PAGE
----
He walked along the shore and gathered wild flowers for Ashley. After a while, around a bend in the shore, he crept up on a big lake house, a trophy mansion. Grain money, he thought. A rich farmer’s vacation home. He knocked on the front door. He didn’t know what he’d say if someone came to the door, maybe tell them about Ashley and ask for help, but no one answered. “Hello?” he said through the window. He walked around back and tried the balcony door. Jackpot. The house was nicer than his parents’. It was carpeted wall-to-wall. Hand-painted ceramic dishes were displayed on tiny easels. On a shelf in the living room stood an army of miniature figurines, trolls and animals. He took a penguin and put it in his pocket. On the kitchen fridge was a picture of an old couple by the Grand Canyon, waving at the camera. In the bathroom, he opened the medicine cabinet. He didn’t bother reading the labels on the pill bottles. He simply stuffed as many as he could into his pockets. He inspected the other rooms, opening and closing drawers, looking into closets like a prospective homebuyer. Then he saw it, sitting on a nightstand in the master bedroom, a Tiffany bracelet, the kind had Ashley always wanted. So what if it was engraved with someone else’s name? Maybe he could sand it off or plug the letters with super glue. “Edna” certainly wasn’t going to miss it. She probably had one for each wrist. Why was life so unfair? Here was someone rich enough to have a lake house they never used while he and Ashley were living in a trailer. It didn’t seem right. Before he left, he made one last pass through the house. What this house needed, he thought, was some character. He unzipped and let a stream of piss arc over the white living room floor.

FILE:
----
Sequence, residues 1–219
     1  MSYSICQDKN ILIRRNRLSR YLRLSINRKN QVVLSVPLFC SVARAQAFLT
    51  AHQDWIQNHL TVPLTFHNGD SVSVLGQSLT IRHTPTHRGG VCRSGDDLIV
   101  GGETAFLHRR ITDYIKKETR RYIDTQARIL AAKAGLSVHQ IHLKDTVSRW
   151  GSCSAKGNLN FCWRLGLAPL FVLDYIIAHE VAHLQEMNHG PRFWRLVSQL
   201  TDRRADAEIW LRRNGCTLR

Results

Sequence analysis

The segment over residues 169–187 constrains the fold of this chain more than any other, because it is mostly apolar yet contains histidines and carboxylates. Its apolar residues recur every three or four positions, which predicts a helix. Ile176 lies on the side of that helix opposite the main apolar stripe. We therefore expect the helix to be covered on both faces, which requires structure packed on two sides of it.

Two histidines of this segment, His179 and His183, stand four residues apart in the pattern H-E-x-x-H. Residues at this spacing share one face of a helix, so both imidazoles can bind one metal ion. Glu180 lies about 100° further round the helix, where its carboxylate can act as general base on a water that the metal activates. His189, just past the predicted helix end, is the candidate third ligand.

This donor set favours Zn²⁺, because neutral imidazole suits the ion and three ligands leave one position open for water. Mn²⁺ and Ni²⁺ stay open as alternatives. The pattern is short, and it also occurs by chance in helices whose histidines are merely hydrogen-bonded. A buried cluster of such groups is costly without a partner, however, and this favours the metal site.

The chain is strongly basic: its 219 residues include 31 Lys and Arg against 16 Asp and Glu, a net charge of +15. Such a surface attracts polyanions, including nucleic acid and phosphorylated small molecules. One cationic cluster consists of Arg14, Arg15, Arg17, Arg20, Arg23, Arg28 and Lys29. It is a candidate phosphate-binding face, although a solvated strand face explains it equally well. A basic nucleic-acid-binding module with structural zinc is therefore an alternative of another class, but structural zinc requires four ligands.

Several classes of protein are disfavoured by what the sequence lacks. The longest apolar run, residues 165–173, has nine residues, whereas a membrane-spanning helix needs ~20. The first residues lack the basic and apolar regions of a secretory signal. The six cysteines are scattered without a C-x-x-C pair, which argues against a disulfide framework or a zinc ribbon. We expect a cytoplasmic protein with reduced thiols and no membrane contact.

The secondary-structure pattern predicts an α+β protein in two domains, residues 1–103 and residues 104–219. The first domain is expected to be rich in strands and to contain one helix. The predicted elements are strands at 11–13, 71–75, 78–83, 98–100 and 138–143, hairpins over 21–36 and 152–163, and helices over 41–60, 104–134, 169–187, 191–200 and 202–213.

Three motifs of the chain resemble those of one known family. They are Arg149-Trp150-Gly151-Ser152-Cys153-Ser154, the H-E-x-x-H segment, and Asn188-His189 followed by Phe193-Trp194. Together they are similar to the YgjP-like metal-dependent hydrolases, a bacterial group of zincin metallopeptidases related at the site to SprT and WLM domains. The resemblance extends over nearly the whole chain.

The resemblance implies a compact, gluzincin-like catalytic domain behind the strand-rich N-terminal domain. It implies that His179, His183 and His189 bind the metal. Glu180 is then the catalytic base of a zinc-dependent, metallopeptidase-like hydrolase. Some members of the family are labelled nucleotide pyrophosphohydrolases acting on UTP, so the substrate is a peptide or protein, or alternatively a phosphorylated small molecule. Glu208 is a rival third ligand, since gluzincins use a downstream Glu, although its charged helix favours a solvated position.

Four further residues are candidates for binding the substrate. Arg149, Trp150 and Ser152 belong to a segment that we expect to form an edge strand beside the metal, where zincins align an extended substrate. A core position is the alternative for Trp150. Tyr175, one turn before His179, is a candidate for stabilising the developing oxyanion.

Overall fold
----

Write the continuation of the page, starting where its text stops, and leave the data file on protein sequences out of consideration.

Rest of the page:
When he got back to the trailer, Ashley was still in bed. She was curled up into a ball and clutching her stomach.

“Here I brought you these,” he said and dropped the pill bottles on the bed.

“Where did you get these?”

“Don’t matter.”

“Viagra…Vicodin…Prozac…Is this some kind of joke?”

“And I got you this.”

He draped the bracelet over her wrist.

“Aaron, it’s beautiful.” But as she studied the engraving, her brow became furrowed. “Who’s Edna?”

He shrugged.

She turned over onto her side. “Wherever you got it. Take it back. I don’t want it.”

He put his hand on her shoulder. She moved it away.

He went into the kitchen. He stared out the window at the lake. The lake was a shard of glass. The kitchen faucet was dripping into a milky bowl of Fruit Loops. He remembered something his grandma used to say, “Never be too proud to ask for help.” He ran a glass of water under the faucet and drank it down in one gulp as if to punish himself.

Dan Moreau lives in Chicago